The 1,200m2 building was commissioned by the Nunatsiavut Government and acts as a “living room for the community,” with an auditorium for language classes, café, a craft shop, studio space, and 75-seat theatre. The building, designed by Saunders Architecture, also provides offices to the Nunatsiavut Government as well as Parks Canada. Designed by Saunders Architecture, Illusuak makes a bold architectural statement using forms and materials derived from the region’s tradition and heritage.
Saunders Architect designed the new building located in Nain, a remote site 200km south of the Torngat Mountains National Park, which is a culturally and ecologically significant wilderness at the very northern tip of Labrador. Commissioned by the Nunatsiavut Government, Illusuak is designed to serve many functional purposes, in addition to creating a strong cultural link with the creative heritage. The inclusion of directly carved surfaces was an integral element as carving—be it soapstone or spruce.
Todd Saunders and his team of architects were tasked with creating a building that represents the historic and living Inuit culture for future generations. In order to engage with local requirements, knowledge, building practices, and materials, the design team spent three weeks living within the Inuit community of Nain. The exterior hand-cut Kebony spruce cladding will weather and age, merging with the Nain landscape. Interior furnishings include timber panelling finished with traditional techniques and stone flooring, with seal skin floor coverings sourced from a nearby community.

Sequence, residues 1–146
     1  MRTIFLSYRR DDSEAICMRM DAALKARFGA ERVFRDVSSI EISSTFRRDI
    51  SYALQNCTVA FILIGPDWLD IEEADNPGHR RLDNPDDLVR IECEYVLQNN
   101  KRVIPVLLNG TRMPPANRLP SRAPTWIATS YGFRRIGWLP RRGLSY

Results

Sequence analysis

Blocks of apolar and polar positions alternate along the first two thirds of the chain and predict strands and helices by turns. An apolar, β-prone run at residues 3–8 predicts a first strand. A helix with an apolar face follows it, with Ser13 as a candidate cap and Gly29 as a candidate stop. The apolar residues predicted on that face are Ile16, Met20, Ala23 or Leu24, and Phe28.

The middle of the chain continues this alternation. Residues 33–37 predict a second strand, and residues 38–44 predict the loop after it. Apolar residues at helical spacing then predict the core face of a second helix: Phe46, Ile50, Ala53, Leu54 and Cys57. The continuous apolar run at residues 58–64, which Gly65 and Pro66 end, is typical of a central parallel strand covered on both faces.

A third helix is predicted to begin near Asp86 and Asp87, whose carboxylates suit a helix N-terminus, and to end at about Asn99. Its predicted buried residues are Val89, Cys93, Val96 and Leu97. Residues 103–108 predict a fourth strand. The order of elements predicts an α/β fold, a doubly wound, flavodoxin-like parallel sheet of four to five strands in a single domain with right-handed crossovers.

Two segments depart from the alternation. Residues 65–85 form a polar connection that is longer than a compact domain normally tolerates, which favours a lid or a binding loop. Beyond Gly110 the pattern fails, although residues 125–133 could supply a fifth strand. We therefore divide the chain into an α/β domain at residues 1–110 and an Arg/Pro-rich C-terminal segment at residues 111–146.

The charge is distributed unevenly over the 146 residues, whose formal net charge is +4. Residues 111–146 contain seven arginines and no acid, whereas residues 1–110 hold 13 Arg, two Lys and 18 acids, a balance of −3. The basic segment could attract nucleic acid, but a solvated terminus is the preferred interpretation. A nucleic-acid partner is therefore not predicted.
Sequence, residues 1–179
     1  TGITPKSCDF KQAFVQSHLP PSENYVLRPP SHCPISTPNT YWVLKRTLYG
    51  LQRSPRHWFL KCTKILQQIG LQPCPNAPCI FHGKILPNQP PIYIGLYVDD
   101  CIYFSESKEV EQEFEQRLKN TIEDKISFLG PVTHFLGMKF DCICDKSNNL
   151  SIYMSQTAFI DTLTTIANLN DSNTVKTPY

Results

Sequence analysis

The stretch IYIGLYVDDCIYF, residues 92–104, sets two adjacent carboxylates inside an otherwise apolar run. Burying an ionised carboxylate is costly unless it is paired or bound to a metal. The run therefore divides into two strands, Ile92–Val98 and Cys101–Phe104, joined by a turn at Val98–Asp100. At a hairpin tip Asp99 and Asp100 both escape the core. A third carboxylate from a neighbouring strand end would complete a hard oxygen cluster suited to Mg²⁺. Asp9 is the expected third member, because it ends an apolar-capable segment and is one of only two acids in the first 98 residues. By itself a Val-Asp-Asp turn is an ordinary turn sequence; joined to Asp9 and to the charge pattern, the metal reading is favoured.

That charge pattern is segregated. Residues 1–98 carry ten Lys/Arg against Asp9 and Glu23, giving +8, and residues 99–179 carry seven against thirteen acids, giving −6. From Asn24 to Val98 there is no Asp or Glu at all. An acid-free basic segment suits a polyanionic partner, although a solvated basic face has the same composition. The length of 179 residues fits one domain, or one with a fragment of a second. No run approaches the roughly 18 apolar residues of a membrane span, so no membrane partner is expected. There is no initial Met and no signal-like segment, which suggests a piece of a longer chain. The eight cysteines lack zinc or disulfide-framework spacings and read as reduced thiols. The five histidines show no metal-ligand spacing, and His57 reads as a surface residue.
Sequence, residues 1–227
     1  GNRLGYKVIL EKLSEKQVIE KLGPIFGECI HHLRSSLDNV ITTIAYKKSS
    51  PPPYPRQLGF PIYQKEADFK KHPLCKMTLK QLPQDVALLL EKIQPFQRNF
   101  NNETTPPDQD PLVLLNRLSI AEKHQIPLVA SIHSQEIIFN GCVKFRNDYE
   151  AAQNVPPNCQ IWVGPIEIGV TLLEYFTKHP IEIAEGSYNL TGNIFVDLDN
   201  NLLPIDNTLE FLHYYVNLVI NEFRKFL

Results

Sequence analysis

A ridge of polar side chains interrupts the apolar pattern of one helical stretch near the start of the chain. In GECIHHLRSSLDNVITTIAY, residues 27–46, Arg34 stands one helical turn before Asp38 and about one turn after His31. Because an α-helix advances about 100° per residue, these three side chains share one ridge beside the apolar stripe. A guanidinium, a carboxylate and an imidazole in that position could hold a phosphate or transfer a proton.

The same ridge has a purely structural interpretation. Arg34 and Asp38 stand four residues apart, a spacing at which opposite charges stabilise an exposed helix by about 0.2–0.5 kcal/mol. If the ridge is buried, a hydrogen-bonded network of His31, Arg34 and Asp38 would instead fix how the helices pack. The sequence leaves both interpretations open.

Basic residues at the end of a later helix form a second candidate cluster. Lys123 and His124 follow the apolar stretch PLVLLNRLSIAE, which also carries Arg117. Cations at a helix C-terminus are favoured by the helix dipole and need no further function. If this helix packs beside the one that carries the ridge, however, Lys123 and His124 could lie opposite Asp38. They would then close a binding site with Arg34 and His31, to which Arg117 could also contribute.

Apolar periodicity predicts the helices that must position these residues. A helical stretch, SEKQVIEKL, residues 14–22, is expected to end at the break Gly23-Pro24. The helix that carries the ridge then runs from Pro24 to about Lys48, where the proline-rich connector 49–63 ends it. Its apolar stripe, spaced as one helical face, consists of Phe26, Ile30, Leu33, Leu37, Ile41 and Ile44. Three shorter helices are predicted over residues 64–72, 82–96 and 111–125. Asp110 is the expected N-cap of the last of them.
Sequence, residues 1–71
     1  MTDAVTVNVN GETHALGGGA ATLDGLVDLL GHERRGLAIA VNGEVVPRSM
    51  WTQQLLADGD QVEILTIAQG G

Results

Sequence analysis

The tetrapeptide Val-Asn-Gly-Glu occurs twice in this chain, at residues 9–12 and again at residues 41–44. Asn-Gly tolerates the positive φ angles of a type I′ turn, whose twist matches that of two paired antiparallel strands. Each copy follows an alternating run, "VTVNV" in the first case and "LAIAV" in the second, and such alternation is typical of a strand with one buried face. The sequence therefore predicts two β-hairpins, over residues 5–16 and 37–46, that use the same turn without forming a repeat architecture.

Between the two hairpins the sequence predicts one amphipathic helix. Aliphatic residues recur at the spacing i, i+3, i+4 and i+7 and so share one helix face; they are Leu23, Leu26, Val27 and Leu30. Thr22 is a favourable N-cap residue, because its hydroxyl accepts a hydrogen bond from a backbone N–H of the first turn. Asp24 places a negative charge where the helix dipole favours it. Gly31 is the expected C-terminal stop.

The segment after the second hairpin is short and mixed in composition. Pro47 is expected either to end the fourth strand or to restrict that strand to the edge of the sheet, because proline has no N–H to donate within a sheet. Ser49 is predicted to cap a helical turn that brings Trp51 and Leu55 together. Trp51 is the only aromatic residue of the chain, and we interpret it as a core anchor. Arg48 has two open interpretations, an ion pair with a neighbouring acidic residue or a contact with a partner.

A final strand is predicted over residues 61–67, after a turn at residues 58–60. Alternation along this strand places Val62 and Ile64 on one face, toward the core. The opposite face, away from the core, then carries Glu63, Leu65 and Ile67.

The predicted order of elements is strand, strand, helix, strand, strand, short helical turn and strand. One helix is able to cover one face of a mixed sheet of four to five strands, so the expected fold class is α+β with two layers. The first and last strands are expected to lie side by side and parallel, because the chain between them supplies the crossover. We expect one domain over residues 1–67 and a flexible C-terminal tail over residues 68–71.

Although now largely replaced by more conventional cabins, Illusuak’s curved forms evoke this history, helping create a focal point for the community through a combination of traditional techniques, contemporary forms, and generous spaces that unite and strengthen cultural identity. Initially intended as a gathering space for the community, the scope of the Cultural Centre grew. The architectural approach took the soft organic forms of these temporary seasonal structures, while adding the permanence and solidity demanded by the waterfront site. Construction was undertaken in one of the harshest environments on the planet, above solid permafrost with no main road connections and the Atlantic frozen over for 6 months of the year.